Desperation for money led to brutal cottage murder of pensioner
The background behind the murder of Brian McKandie and conviction of Steven Sidebottom.
Steven Sidebottom was described in court as obliging, always willing to help.
He's the father of a young daughter. He'd never been in trouble with the police before. But the 25-year-old part-time DJ wasn't earning much money.
He lived and worked on his father's farm near Rothienorman. The court was told he made around £200 a month, most of which went on child maintenance.
In the days before the murder he texted a friend saying he needed £2000 in cash. He was under pressure to help pay a VAT bill at a local hotel. His girlfriend's birthday was also approaching fast.
He knew local mechanic Brian McKandie. He'd been a frequent visitor to his house just a few miles away where the handyman carried out car and household repairs.
He'd heard the stories about the 67-year-old always having "money in his shoebox".
It later transpired there was over £200,000 in notes in the house in a variety of boxes and sweetie tins. Brian McKandie was a very wealthy man.
The court heard phone evidence put Steven Sidebottom in the area at the time of the killing.
His account of events just didn't add up. There was a significant gap of two hours when he was out of touch. And he arrived at his girlfriend's flat in Aberdeen late, with a wad of cash wrapped in elastic bands.
He later lavished her with birthday gifts and later, even a car.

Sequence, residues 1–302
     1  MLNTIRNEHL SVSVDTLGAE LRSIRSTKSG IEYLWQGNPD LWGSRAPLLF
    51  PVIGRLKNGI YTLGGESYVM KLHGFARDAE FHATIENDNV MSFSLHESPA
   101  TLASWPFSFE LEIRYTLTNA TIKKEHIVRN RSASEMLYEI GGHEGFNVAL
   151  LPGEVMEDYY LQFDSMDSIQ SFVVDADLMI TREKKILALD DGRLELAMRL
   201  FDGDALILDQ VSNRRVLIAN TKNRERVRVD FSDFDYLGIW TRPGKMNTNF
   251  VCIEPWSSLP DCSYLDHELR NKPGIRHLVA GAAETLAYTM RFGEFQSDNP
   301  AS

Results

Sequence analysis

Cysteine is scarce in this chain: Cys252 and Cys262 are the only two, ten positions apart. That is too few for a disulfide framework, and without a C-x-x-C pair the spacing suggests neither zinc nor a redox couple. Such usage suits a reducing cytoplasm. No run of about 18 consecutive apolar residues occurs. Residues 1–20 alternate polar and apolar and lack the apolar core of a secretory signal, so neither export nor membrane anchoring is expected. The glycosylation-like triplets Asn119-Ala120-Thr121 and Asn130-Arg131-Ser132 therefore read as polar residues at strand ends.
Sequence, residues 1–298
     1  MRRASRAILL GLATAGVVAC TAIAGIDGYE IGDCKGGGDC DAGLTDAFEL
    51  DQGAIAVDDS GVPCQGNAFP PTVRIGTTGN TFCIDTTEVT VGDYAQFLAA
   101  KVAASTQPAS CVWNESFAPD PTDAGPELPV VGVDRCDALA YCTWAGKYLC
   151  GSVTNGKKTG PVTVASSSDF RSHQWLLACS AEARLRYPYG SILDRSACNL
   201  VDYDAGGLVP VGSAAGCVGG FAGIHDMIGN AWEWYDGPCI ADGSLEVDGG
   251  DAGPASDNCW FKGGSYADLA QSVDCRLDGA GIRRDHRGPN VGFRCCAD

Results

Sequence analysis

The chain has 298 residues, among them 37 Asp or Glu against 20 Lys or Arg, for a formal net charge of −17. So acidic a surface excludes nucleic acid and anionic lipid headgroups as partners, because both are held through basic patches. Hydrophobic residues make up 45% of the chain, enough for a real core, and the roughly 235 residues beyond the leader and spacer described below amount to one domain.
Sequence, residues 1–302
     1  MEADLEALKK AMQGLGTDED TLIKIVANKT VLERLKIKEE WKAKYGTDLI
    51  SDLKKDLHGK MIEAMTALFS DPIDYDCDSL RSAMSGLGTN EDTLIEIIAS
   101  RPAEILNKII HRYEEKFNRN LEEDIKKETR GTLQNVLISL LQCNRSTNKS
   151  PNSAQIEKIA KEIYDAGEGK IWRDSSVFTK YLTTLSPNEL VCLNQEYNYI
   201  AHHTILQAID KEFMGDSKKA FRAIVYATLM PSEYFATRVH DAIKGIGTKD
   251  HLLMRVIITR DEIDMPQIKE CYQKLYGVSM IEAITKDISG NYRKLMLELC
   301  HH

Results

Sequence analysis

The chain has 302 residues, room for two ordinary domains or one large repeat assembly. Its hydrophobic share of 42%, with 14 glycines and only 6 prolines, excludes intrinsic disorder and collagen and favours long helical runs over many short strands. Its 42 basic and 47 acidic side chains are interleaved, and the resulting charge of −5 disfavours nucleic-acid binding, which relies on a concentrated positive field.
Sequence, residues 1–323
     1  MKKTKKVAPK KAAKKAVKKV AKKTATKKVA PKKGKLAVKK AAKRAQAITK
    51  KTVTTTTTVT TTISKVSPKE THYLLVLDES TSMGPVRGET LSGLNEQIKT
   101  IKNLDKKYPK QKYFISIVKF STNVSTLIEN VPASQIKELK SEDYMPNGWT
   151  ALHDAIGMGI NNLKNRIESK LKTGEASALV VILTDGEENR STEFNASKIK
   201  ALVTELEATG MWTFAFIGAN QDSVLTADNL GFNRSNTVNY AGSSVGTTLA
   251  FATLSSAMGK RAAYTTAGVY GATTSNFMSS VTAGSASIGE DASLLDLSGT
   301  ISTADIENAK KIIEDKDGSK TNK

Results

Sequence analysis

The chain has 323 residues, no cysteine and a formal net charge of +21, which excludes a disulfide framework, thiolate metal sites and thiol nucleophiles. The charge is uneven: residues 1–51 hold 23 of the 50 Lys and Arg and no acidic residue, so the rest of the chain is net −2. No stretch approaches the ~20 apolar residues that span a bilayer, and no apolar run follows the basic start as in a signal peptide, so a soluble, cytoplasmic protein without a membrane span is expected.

He'd also been around to the Vale Hotel in Fyvie to pay the money he was due.
The following day Brian McKandie's battered body was found in the living room of his cottage. He'd been beaten around the head at least 15 times.
Police later said they'd never seen more violent injuries.
Initially they didn't think it was a murder. But a week later they announced major investigation.
Steven Sidebottom was worried. He knew his fingerprints would be at the scene. After all he was a frequent visitor to the house. He'd even been spotted there the night before. He phoned friends trying to cover his tracks.
The trial was told there was no DNA to put him there and not one print.
But prosecutor Iain McSporran told the jury absence of evidence did not mean evidence of absence.
Defence agent Ian Duguid argued there was no proof there had ever been a robbery at all and said it was improbable a man with no previous convictions would kill a friend to pay a VAT bill.
But the court also heard Sidebottom had earlier threatened to break the legs of a man who owed him money.
Mr McSporran said all of the circumstantial evidence when considered together pointed to the man responsible.
The jurors believed him and Steven Sidebottom is facing a lengthy period behind bars.
Alastair Forsyth, a local councillor, describes Sidebottom as a Walter Mitty character who you could never know was telling you fact or fiction.
He says the village, population just 500, will take a long time to recover from the horror and the shock visited on it by the violent attack on a quiet pensioner with a fortune hidden in his cupboards.
It will be a long time, if ever, before Steven Sidebottom sees Rothienorman again.